Light Roast vs Dark Roast February 02 2014, 0 Comments

Lights, camera, action! That's right, we at Flight decided to get our film making on; this is Wellywood after all. With a few questions coming in about why we roast our coffee lighter than what some people are used to, we decided to make a short documentary to answer some of them, as well as give Richard his time in the spotlight. So while the documentary is being cut down from about an hour of giggling and bloopers to roughly one to two minutes of informative gold - plus the addition of lots of special effects - this blog post will act as a bit of useful supplementary reading. 

Meg checking on her roast. 

Richard and Meg cover the basics of the roasting process in the documentary and explain terms like "first crack" and a "Maillard reaction", contextualising them and providing insight as to why we roast lighter than some of the other coffee roasters around. But first of all I think I'd better introduce our big lady, the lovely UG22 Probat coffee roaster; you may call her Betty. She's a three burner, 22 kilo, drum roaster and also outrageously blue. Green coffee gets loaded in to her hopper at the top and the drum constantly turns for the duration of the roast to ensure the beans are roasted evenly, after which the beans spill out in to her cooling tray, completing the transformation from green to a chocolate brown. 

They call her... Betty. 

I think the easiest way to think about the whole roasting process is to compare it to baking bread. The browning of bread when it is baked or toasted is what is happening to the coffee beans as they turn from green to brown. The browning process is known as the Maillard reaction, which is a non-enzymatic reaction. I won't go in to what a non-enzymatic reaction is, to avoid getting too technical, but such a reaction is usually caused by heat, as opposed to enzymatic browning, which can be seen in the browning of bananas. This reaction starts to happen at around 150 degrees celsius and the longer the beans are being roasted the browner they get, like toast, except a lot tastier. Eventually when the roast reaches between 190 and 205 degrees celsius, the beans give off an audible crack, sounding a bit like popcorn, and is referred to as the "first crack".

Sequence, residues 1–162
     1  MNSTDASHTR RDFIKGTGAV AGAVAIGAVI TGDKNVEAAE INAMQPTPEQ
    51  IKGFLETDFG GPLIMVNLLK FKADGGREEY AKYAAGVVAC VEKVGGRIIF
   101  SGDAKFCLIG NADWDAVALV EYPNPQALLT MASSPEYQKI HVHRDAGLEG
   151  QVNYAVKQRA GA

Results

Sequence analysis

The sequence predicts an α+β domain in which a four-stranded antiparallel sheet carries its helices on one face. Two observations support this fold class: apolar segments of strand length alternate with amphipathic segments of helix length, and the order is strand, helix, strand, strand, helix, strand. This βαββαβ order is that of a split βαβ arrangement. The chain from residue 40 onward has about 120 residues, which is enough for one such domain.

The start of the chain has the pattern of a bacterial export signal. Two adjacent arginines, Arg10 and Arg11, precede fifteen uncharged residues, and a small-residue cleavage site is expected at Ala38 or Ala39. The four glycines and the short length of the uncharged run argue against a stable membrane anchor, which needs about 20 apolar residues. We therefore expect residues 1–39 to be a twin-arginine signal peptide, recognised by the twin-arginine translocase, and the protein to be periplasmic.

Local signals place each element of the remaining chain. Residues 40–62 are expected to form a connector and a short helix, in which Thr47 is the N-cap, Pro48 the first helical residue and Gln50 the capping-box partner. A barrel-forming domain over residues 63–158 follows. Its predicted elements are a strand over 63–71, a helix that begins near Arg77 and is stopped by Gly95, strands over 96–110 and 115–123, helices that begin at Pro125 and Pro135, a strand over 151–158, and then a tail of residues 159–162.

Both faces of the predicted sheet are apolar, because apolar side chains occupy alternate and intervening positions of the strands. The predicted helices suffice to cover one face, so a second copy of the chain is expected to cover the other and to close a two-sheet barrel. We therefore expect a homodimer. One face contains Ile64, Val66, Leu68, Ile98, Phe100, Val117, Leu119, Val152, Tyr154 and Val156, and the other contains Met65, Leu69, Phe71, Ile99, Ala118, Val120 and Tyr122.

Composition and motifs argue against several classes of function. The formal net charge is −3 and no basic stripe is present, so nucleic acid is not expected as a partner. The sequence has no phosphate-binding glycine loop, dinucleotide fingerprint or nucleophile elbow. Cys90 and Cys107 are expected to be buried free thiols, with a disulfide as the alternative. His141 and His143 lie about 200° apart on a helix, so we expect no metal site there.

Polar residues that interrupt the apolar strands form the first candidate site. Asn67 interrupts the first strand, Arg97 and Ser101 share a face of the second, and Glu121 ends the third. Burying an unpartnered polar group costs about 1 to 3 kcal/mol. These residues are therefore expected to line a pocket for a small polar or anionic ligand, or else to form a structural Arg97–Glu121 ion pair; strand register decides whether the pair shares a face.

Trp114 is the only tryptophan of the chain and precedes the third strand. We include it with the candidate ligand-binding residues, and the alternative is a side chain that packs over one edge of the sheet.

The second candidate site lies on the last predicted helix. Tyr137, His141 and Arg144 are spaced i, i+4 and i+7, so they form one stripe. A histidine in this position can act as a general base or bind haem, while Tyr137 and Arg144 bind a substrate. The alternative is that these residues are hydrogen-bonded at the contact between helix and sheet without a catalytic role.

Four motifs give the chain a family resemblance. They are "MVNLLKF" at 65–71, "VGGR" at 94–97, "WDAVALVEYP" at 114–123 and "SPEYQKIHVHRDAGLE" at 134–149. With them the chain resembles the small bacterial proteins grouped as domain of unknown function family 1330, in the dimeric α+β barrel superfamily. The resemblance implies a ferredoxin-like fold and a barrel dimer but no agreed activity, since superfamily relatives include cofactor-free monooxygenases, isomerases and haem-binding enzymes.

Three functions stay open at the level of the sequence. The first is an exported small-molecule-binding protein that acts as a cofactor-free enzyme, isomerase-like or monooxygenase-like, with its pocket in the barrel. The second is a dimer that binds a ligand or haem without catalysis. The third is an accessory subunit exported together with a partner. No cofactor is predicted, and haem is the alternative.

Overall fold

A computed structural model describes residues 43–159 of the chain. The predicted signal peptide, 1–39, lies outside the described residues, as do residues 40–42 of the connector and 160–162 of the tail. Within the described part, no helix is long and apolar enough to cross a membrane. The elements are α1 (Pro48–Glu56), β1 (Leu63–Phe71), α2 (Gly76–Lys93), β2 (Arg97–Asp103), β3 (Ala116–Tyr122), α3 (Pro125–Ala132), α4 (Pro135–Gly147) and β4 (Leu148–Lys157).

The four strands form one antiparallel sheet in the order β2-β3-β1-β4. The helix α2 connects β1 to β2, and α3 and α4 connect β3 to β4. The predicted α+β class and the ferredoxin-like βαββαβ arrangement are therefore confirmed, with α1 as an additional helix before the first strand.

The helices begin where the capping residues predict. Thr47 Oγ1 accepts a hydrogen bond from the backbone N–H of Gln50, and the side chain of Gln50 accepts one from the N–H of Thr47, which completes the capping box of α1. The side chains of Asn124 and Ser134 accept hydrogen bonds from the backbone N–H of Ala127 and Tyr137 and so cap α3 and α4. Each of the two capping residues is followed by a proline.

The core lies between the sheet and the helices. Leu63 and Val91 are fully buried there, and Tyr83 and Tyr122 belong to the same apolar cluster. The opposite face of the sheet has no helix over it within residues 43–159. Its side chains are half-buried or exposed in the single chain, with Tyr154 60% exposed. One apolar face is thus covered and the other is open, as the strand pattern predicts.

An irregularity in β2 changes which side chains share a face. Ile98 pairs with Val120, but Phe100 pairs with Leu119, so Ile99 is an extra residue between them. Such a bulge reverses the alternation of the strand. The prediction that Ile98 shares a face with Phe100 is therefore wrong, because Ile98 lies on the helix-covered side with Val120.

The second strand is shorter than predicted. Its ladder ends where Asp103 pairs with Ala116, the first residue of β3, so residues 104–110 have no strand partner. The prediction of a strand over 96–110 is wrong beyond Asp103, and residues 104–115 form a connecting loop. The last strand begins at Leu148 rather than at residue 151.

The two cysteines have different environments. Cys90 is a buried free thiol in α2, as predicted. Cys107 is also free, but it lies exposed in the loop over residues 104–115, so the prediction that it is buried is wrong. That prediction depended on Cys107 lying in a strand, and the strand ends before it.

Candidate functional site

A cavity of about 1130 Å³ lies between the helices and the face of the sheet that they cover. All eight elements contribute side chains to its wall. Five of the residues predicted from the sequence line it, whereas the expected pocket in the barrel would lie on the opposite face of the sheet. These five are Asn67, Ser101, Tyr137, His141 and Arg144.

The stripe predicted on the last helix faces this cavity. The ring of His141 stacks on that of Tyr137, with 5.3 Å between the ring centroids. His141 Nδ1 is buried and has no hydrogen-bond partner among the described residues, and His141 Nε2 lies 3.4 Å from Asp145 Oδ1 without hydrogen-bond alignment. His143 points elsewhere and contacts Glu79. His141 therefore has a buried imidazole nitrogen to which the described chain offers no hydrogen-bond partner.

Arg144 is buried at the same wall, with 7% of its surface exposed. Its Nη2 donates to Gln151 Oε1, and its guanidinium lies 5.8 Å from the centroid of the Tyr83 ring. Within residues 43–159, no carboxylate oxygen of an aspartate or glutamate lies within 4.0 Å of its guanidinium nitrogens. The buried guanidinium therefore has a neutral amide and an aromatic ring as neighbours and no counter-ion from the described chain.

Beans cool off in cooling tray after "first crack".

At the first crack the distinct flavours of the bean start to develop and most specialty coffee roasters generally don't leave the beans in the roaster much longer than the first crack. The longer they are left in the caramelisation of the sugars starts to burn and roast out the individual characteristics of the coffee and introduce roast flavours such as: charcoal, carbon and tobacco. Somewhere after the first crack and before the second is the sweet spot that achieves the right balance between sweetness, acidity, body and bitterness, and all varies from origin to origin. 

Fun Fact: the caffeine content in the bean actually decreases the darker it is roasted. 

Meg lovingly looking over her coffee.

Instead of roasting darker and having heavy roast characteristics in the coffee, Meg and Richard aim to roast in such a way that the specific flavours of the coffee's origin are highlighted and brought through in the cup. So when you have your daily dose of amazing, you won't even know Meg or Richard were there.